Archer Magazine pulled from newsagent shelves
By: Archer Magazine
Last week, following a call from our distributor, it came to my attention that a handful of newsagents have refused to stock Archer in their stores.
A friend went looking for Archer’s second issue in a Melbourne suburban newsagent, and found it had been hidden in a drawer, restricted from view due to its content.
Archer #2 contains one image of a naked transgender man. Another photo depicts a curl of pubic hair, photographed artfully, bathed in sunlight. The content is not explicit. The articles are intelligent, positive and inclusive.
Archer is sent to newsagents in Queensland, New South Wales and Victoria by a commercial distributor. The reach is broad, covering urban and regional centres from Geelong to the Gold Coast.
However, newsagent owners can refuse to stock a magazine. When this happens, they rip off the front cover of each issue, and post it back to us. This already brutal practice is even more heartbreaking when the magazines have not received a shelf-life.
The newsagents in question, my distributor informed me, have not only deemed Archer inappropriate for sale, they also advised that future issues should be ‘bagged’ (wrapped in plastic), rather than open to viewing by the public.
My distributor says most newsagents are happy to stock Zoo, Penthouse and Playboy. These magazines are usually unbagged, and kept in full view of customers.
My first reaction was, “Great, we’re pushing people’s boundaries.”
Then I thought harder.
It is written in Archer’s manifesto that “all articles should be accessible and digestible for any Australian, regardless of their sexual orientation, upbringing or education.” At Archer, we edit articles to ensure they are inclusive. We want our message – that sexuality is complex and worthy of discussion – to reach as many people as possible.
I thought about the sexual content found in the commercial titles those newsagents stock without a second thought. And I thought about the sexually diverse kids in those regional centres, whose knowledge of desire, sexuality and body image might now be restricted to those magazines.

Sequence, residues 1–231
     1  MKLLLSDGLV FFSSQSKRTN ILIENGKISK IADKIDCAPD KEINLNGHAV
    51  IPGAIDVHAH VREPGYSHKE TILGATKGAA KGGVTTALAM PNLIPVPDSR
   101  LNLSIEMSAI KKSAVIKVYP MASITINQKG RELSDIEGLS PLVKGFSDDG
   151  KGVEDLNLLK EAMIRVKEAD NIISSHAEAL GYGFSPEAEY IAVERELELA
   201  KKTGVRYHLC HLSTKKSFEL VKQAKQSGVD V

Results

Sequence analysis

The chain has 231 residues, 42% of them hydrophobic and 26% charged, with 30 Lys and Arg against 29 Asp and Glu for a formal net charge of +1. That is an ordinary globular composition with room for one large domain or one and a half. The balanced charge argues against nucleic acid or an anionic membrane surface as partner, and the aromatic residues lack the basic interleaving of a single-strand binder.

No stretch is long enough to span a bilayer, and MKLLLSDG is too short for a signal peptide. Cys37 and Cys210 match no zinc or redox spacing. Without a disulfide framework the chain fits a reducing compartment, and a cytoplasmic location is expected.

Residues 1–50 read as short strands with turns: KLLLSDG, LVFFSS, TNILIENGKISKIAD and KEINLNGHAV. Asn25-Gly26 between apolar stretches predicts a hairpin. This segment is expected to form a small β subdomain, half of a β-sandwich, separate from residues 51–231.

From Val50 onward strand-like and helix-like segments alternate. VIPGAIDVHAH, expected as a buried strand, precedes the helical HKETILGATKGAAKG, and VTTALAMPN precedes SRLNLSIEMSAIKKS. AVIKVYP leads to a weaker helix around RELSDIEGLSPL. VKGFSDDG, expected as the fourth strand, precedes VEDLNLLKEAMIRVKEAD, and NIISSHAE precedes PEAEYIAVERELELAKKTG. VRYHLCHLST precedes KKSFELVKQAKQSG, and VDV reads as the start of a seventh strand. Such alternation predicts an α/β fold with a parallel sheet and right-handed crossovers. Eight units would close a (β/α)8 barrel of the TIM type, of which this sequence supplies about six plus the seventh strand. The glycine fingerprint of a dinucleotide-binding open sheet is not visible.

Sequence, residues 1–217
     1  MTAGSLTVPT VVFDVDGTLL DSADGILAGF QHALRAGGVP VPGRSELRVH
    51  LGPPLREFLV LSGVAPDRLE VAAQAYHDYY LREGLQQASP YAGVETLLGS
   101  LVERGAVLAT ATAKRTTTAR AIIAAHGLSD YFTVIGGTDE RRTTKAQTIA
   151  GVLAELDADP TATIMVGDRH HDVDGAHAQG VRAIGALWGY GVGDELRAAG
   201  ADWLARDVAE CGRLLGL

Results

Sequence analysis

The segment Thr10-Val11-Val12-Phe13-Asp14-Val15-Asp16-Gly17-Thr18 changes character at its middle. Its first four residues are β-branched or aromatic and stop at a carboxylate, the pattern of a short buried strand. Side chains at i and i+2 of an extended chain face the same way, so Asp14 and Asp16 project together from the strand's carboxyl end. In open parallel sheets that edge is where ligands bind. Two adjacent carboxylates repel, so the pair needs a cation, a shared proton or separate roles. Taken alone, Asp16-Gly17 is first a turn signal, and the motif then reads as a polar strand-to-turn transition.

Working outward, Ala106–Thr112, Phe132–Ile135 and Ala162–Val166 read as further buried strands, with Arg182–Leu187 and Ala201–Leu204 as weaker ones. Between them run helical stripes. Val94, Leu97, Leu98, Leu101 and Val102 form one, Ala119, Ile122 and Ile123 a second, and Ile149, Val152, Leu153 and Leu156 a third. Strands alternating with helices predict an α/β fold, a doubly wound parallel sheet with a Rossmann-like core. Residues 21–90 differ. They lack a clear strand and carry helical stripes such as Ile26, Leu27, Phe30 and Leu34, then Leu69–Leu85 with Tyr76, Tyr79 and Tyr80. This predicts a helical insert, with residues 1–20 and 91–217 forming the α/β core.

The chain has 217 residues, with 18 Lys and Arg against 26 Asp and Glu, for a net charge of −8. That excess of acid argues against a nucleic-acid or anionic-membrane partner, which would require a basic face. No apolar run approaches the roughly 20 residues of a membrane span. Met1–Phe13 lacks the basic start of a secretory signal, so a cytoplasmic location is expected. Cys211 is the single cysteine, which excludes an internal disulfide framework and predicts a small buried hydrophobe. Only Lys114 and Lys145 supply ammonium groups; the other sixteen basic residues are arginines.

Around the time we launched issue 2, an 18-year-old emailed us. Finding Archer had been a breakthrough for him: he grew up in a conservative family in a suburb outside of Melbourne. He knew he was gay. He hadn’t told his family.
Before reading Archer, he hadn’t realised just how common it is to experience diverse sexual attraction. It was an enormous relief for him because he knew, for the first time in his life, that he would eventually find his community.
If regional newsagents tear up copies of Archer, or stock it in the restricted section, the magazine’s reach is cut off from an entire portion of Australians, who deserve the right to read about sexuality, in all its complexity, from an intelligent and positive perspective.
We encourage you to hit your local newsagents this week and ask for Archer Magazine. If it’s in the restricted section, or hidden from view, let us know.
None of the content in Archer is unlawful. It isn’t a pack of cigarettes – it’s a window into a world where sex doesn’t have to look like a PG-rated movie; where desire can be complicated, and where consent, acceptance and discussion are valued above all.
Help us keep that window open to all Australians, regardless of where they live.
See the full list of newsagents that stock Archer Magazine. Join the fight to #KeepArcherOnShelves.
Amy Middleton is the founding editor and publisher of Archer Magazine. Follow her on Twitter @Moodleton.